It took Nathan his prophet to open his eyes.  Nathan takes the indirect approach.  He tells the king a story.  There was a rich man with “very many flocks and herds”.  And there was a poor man whose only possession was a single ewe lamb.  The rich man has company.  He needs to kill an animal to serve an elaborate meal.  But rather than kill one of his own that are more than he can even count, he kills the ewe lamb that was the poor man’s sole possession (II Samuel 12:1-6).  You notice he’s talking about sheep.  And David the shepherd began to understand the enormity of what he had done.

Then we come to the verse that tell us that David has come to his senses.  He does not kill the messenger.  He does not lie about what he has done.  He does not give an excuse.  He does not try to make it sound like it isn’t so bad.  He does not say that other kings have done worse.  He simply says, “I have sinned against the Lord” (12:13).

There’s a parallel verse to this in Psalm 51:  “Against Thee, Thee only, have I sinned and done what is evil in Thy sight” (vs 4).

No one knows when David wrote the 23rd Psalm, but it is generally accepted that David wrote the 51st Psalm after his eyes were opened to this terrible thing he had done to Uriah and to Bathsheba.  “Create in me a clean heart, O God” (vs 10) he writes.          This is the man who was chosen to be king because God could see past the outer appearances and into this teenager’s heart.  This is the man who was after God’s own heart.  And yet David’s heart had turned away from God.  It needed to be cleansed.  It needed to be made new.  This is what David prayed for.  And God answered that prayer.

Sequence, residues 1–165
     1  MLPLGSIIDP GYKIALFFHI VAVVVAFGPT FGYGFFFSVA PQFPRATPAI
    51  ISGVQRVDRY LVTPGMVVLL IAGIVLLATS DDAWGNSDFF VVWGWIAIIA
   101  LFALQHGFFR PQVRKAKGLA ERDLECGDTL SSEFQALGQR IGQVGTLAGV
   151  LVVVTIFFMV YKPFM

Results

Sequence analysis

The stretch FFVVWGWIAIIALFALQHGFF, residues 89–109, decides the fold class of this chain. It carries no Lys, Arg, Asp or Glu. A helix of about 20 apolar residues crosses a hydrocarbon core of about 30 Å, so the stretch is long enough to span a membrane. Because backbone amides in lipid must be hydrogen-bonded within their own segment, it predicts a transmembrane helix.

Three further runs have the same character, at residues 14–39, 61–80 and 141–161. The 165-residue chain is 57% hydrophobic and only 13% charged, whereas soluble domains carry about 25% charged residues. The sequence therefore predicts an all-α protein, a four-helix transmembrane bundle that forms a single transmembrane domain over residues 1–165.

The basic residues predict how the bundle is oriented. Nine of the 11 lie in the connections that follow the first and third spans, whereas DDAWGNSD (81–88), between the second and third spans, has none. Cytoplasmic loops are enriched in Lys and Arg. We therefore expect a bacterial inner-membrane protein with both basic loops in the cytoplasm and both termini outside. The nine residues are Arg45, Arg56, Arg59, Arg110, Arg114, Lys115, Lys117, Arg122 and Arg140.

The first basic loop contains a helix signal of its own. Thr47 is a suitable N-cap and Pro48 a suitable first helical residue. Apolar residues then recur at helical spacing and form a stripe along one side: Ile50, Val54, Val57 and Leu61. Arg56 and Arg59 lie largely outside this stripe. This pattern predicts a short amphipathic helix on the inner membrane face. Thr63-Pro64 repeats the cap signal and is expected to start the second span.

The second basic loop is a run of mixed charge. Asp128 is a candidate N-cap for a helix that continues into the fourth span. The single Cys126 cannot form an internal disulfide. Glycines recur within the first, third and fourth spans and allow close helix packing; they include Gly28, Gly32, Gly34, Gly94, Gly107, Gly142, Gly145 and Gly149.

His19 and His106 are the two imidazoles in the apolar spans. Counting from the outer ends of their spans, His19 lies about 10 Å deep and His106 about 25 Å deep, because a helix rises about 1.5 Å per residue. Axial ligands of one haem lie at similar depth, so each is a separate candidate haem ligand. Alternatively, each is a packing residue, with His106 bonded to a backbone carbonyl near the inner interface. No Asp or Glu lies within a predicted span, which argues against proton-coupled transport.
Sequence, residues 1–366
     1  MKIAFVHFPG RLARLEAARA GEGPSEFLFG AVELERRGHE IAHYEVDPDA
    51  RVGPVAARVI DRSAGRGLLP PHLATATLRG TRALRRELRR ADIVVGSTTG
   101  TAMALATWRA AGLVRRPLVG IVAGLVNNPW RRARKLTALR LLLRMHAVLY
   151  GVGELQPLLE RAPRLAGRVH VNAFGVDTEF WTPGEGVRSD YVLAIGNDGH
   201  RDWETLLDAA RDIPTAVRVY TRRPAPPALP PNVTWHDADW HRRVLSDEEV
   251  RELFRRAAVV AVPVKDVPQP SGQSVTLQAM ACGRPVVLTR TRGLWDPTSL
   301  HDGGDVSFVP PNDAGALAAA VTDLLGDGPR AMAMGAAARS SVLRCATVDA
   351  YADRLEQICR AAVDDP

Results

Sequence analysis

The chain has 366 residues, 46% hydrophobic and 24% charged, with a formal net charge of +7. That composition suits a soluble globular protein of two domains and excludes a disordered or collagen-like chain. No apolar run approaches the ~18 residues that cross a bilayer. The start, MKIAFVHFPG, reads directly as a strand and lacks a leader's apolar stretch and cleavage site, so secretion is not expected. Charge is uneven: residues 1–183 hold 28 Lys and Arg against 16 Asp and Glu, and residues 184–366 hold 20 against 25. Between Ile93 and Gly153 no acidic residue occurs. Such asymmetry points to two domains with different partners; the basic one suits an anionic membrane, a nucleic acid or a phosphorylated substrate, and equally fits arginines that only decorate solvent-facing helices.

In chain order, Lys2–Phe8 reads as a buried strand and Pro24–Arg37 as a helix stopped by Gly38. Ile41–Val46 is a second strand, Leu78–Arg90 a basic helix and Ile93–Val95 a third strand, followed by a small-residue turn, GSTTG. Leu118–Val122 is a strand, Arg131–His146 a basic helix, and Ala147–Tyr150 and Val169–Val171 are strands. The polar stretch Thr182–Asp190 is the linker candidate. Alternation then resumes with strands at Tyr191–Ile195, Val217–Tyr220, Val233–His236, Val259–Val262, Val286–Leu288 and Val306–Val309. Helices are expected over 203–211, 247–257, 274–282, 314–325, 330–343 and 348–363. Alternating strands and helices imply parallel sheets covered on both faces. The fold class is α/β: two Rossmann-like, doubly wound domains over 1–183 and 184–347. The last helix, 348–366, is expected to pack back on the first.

There were a lot of bad things that came from David’s sin.  The baby he and Bathsheba conceived died.  I’m not exactly sure what to make of that.  I’m pretty sure we don’t have a God who kills babies to punish the sin of their parents.  But sin does have consequences.  Even though David is forgiven and is allowed to continue as king, there is a lot of grief and many problems in the final chapters of his life.

But here is a footnote to help us see that even when our leaders are faithless, God remains faithful.  It’s pretty amazing really.  David and Bathsheba’s baby dies.  But there is another baby.  His name is Jedidiah, which means “beloved of the Lord” (II Samuel 12:25).  But he is better known to us as Solomon.  He is the one who, through many twists and turns eventually succeeds his father as king.  And he is the one whose name is found in Matthew chapter 1, in the genealogy of Jesus.  “And David was the father of Solomon by the wife of Uriah”  (1:6).

It was a sin.  And bad things came from that sin.  But even our sins cannot block what God is doing.  God’s redemption comes, even through the worst thing that a great leader ever did.


God, you send us leaders.  You can spot them, you can equip them, you can inspire them.  But even the greatest of them can still fall.  And when they fall, it is a long way down.  None of us, O God, has such integrity and such a close relationship with you that we are exempt.  All have sinned and fall short of your glory.  So God, we pray for our leaders.  Make them strong.  Make them good.  Do good through them.  And God, we pray also for ourselves.  That our ultimate loyalty might be to you and you alone.  As we learn from David when he was at his best, when we lack wisdom, we do not look within.  We do not rely on other humans.  We inquire of you.  Through Christ our Lord, Amen.